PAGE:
The Spanish government and pro-Spain parties are engaging in a discourse of fear to counter separatism. They have not made any attractive offers to remain as a part of Spain, and if anyone suggests some concessions for Catalonia they are immediately corrected or have to retract what they said. What’s more, their argument is full of inconsistencies. On the one hand, the Spanish government says that independence will never happen, but on the other, they claim that an independent Catalonia would be struck by all sorts of calamities. In this, they show a complete lack of understanding of the reality in Catalonia. They believe the caricature that they have created of Catalonia. An example of this is the recent statements by Pablo Iglesias differentiating Catalans by their birthplace (1).
One of the recurring themes of the discourse of fear is that an independent Catalonia would not have enough funds to pay pensions. This is a very sensitive question that could influence the vote of some groups on 27-S.
The message that I want to convey in this article is that pensions are more assured in a Catalan state than in Spain. Thus, the reality is completely different from the message being broadcast by the Spanish government.
Firstly, it must be said that the resources for paying pensions would not be given to us by Madrid. If Catalonia becomes an independent state, pensions would be funded via the contributions of Catalonia’s workforce. Businesses would deposit the contributions from their employees’ salaries into the Catalan Social Security administration, and in this way, there would be a monthly transfer of funds from workers to pensioners. This financing method for pensions is known as the "redistribution method". As such, it is a mistake to think that retirees are paid from a fund containing all of the contributions that they have paid in throughout their working life, and that this fund is in the hands of the Spanish government. The amount paid during one’s working life is used to pay the pension of those who were retired at that time.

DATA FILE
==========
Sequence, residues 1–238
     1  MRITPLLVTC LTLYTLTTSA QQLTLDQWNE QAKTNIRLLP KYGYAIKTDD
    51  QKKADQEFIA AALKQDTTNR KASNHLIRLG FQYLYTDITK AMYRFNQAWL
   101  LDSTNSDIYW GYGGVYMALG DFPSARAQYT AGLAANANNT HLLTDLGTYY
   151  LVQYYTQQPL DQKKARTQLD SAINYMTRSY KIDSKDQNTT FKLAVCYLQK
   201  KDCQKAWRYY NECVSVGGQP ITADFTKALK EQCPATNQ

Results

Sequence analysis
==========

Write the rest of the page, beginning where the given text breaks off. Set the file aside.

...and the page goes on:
Secondly, Social Security in Catalonia has a more positive balance --the difference between revenue (contributions) and payouts (pensions, unemployment, etc.)-- than in the rest of Spain. When there is a positive balance (surplus), it is greater in relative terms in Catalonia than in the rest of Spain, and when there is a negative balance (deficit), as is the current case due to the economic crisis, it is smaller in Catalonia. All this means that, in the medium and long term, the results will continue to be more favorable for Catalans.
For example, as a hypothetical case, if Catalonia had put the contributions of Catalan workers into a bag from 1995 to 2011 and used those resources to pay pensions, unemployment, and other economic provisions of the Social Security system, then in 2011 there would have been a positive balance of more than 20 billion euros. We would have had a surplus of funds. If there had been a similar bag for the rest of Spain during the same period, then in 2011 there would have been nothing left of those contributions, only a deficit of more than €100 billion.
Catalonia’s more favorable balance is due to three factors: 1) a dependency ratio (ratio of the population older than 65 to the working age population) that is smaller in Catalonia than in Spain; 2) a better job market (there is more employment in Catalonia); and 3) a higher average contribution, thanks to higher salaries.
Currently the deficit in the Social Security administration is financed with contributions from its Reserve Fund and the State budget. This fund was created with the resources from surpluses accrued during the economic boom years.
Now the question is: would Catalonia be able to fund the Social Security deficit, if it became independent today? Yes, it would. First, because it could use the resources from its own Treasury. The Advisory Council for the National Transition has calculated that the fiscal gain in an independent Catalonia, which is what would be produced after financing all of the services of the Generalitat and the new state’s structures, would exceed 11 billion euros. Second, because in a potential negotiation with Spain over independence, we would have to claim a portion of the Social Security Reserve Fund, as this was created in part with the surpluses of Social Security in Catalonia.
In conclusion, the future scenario of the pension system is more favorable in Catalonia than in Spain as a consequence of the fact that Catalonia is wealthier and has more fiscal potential, lower demographic dependency, and a better labor market. The data allow us to confirm that pensions are more assured in an independent Catalonia than if we continue as a part of Spain.
(1) N.T. Spain’s Podemos leader Pablo Iglesias recently urged Catalans of Spanish descent not to support independence.